Intervals ~ what's in a name ?

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ChrisMusicChrisMusic Frets: 1093
I thought it about time to check whether my understanding of the names of intervals is actually correct, or to put it right if I have it wrong.  So if any of you good folks on here with a bit more theoretical knowledge than me (and that's not difficult!), like @viz ; @missmisstreater @Lestratcaster @Clarky ; and others, could put me straight, I would be immensely grateful.

I would like to compile a list of all the acceptable names for each interval if possible, it's always nice to have a choice  ;)

So here goes, moving up by chromatic steps (frets/semitones) from the root

0 ~ root, tonic
1 ~ minor 2nd, flat 2nd
2 ~ major 2nd, 2nd
3 ~ minor 3rd
4 ~ major 3rd
5 ~ perfect 4th
6 ~ augmented 4th, flat 5th, diminished 5th
7 ~ perfect 5th
8 ~ minor 6th, flat 6th
9 ~ major 6th, 6th
10 ~ Dominant 7th
11 ~ Major 7th
12 ~ Octave of root, tonic (again)

How do the naming conventions apply beyond the octave ?
I know 2nd becomes 9th, 4th becomes 11th, and 6th becomes 13th, are they named the same for sharp and flat, and what about the even numbers, 10th, 12th 14th ?
Are there any conventions once you span more than 2 octaves ?

Thanks for your help  :)



I will start a second post to contain the corrected list of interval names (if appropriate) so that it is easy to find.  Hopefully that makes sense and won't be too confusing...   
:-B

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  • ChrisMusicChrisMusic Frets: 1093
    edited January 13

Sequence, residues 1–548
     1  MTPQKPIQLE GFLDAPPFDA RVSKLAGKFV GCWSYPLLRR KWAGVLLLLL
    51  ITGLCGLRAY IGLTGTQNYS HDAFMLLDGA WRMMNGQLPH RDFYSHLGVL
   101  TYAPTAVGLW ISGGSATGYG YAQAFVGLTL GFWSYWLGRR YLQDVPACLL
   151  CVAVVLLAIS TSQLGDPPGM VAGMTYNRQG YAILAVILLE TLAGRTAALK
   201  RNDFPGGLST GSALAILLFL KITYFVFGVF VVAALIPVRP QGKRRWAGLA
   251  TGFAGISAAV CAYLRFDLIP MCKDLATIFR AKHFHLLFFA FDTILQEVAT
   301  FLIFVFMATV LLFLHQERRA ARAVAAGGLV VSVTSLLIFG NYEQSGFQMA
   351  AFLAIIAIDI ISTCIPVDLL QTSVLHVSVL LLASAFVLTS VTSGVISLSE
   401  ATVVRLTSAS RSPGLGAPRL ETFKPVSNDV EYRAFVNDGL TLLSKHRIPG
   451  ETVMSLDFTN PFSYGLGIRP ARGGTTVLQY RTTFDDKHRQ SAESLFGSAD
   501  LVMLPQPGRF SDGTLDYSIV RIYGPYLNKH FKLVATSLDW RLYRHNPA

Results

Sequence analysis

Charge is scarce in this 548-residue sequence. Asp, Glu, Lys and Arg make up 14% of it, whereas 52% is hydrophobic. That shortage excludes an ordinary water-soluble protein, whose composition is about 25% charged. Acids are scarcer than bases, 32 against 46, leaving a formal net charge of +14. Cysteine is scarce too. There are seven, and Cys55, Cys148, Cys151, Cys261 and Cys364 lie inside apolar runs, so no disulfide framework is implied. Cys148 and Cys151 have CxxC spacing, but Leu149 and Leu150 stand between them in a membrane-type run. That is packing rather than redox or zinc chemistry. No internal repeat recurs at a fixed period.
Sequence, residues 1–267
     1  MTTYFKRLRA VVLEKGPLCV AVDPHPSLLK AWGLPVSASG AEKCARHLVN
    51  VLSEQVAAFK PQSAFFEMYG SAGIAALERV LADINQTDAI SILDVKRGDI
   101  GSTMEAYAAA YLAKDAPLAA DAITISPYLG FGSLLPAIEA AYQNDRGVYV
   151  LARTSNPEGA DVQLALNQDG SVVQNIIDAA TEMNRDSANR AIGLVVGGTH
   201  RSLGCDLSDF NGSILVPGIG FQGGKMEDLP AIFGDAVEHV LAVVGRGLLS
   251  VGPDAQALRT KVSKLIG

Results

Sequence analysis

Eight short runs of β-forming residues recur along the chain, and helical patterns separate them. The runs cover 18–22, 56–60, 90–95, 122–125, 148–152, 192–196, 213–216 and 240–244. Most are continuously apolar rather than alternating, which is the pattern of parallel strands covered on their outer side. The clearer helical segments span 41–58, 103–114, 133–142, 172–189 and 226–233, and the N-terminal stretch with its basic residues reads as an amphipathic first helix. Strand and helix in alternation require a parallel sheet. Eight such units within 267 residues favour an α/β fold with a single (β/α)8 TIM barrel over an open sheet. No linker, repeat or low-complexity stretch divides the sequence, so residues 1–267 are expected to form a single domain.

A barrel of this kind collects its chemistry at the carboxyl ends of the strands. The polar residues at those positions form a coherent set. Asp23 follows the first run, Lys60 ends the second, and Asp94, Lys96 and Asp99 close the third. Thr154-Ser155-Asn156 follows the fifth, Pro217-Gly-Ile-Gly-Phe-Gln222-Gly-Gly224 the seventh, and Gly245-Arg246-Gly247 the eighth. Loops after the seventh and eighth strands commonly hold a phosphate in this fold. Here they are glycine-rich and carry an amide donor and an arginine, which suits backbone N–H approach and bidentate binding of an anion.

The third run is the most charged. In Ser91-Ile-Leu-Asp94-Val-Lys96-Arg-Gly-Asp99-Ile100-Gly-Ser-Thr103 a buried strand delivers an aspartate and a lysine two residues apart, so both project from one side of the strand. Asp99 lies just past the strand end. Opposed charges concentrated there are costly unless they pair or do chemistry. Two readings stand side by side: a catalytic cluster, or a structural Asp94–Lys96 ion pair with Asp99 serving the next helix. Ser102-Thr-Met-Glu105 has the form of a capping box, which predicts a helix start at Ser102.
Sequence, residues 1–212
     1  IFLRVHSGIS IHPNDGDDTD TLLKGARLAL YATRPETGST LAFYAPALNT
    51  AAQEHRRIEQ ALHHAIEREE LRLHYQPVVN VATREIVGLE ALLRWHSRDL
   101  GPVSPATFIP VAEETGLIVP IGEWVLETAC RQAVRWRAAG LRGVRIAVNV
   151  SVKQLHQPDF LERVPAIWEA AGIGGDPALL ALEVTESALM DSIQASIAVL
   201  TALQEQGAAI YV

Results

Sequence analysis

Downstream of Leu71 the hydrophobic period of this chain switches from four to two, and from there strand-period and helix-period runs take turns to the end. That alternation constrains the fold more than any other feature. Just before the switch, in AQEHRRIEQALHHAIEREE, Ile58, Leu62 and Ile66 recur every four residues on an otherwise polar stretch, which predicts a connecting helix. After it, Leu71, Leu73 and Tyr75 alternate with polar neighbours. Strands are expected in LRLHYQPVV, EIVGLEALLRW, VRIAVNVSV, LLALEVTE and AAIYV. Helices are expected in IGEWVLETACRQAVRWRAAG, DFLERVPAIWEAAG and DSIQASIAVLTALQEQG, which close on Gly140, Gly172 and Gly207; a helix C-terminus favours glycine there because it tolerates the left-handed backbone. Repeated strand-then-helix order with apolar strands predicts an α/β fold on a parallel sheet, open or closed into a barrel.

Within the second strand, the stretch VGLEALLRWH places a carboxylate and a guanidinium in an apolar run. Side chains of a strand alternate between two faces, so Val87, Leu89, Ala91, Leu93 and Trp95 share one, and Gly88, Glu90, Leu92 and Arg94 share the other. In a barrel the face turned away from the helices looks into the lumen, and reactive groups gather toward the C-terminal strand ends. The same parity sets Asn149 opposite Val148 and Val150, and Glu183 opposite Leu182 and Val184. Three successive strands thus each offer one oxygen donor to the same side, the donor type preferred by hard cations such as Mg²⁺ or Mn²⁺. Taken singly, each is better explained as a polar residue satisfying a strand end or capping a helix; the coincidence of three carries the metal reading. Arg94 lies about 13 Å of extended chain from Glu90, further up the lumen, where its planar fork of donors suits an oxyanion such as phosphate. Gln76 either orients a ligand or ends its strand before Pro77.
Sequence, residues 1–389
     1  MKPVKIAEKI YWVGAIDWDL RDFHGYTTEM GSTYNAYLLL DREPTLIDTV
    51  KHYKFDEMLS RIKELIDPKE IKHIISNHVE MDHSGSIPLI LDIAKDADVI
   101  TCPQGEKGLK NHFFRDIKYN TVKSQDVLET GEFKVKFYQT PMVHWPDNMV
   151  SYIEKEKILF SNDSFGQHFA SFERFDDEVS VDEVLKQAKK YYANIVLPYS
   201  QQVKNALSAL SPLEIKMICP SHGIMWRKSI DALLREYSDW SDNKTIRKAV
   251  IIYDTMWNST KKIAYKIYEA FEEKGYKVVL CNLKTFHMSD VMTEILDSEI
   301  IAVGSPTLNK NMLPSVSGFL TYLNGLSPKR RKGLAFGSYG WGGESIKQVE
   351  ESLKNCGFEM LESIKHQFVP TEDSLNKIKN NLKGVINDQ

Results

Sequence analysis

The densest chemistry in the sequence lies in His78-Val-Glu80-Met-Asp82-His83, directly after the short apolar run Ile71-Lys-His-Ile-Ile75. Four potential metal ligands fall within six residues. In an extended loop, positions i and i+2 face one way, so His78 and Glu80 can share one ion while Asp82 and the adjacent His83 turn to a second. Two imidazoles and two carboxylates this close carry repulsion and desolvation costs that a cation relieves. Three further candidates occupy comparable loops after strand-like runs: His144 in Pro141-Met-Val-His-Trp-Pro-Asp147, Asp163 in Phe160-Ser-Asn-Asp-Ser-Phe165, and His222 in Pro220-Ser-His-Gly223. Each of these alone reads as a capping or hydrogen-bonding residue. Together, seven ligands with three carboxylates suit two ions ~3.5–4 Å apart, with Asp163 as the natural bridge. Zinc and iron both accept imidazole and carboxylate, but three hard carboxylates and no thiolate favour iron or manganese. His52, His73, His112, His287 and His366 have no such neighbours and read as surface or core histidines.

Corrected list of interval names, so that it is easy to find.
    Sorry if it looks a bit more complicated with some other options added.
    Thanks for the help with this ~ see comments below for the source of the changes.

    0 ~ root, tonic, unison
    1 ~ minor 2nd, flat 2nd
    2 ~ major 2nd, 2nd,  8ve=9th
    3 ~ minor 3rd
         ~ also #2, Augmented 2nd, 8ve=#9
    4 ~ major 3rd
         ~ also diminished 4th
    5 ~ perfect 4th, 8ve=11th
    6 ~ augmented 4th, #4th, flat 5th, diminished 5th
         ~ also, tritone, devil's interval !!! & 8ve=#11
    7 ~ perfect 5th
    8 ~ minor 6th, flat 6th
         ~also #5th, augmented 5th
    9 ~ major 6th, 6th
         ~ also diminished 7th, 8ve=13th
    10 ~ Minor 7th, flat 7th
           ~ also augmented 6th
    11 ~ Major 7th
    12 ~ Octave of root, tonic (again), 8ve, perfect octave, diapason

    note: 8ve = octave

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  • There are no mistakes in there man!

    It might be worth remembering that the b3 is also a #2 (or #9 for all those 7#9 chords)

    Your b6 will also sometimes make more sense to be called a #5

    I wouldn't call a b7 a "dominant 7" though, it's the b7th or the minor 7th. Yes, it's in a dominant chord, but it's the 7th degree flattened - the 7th is a major 7th, and when you flatten a major interval, it becomes a minor interval.

    If you flatted a minor interval... it also becomes diminished. So that 6th is also a diminished 7th! (confusing right?)

    You're on the money with naming conventions beyond the octave.

    the 9th, 11th, and 13th are correct. You'll rarely see a 10th, and I don't think I've ever seen a 12th, or 14th.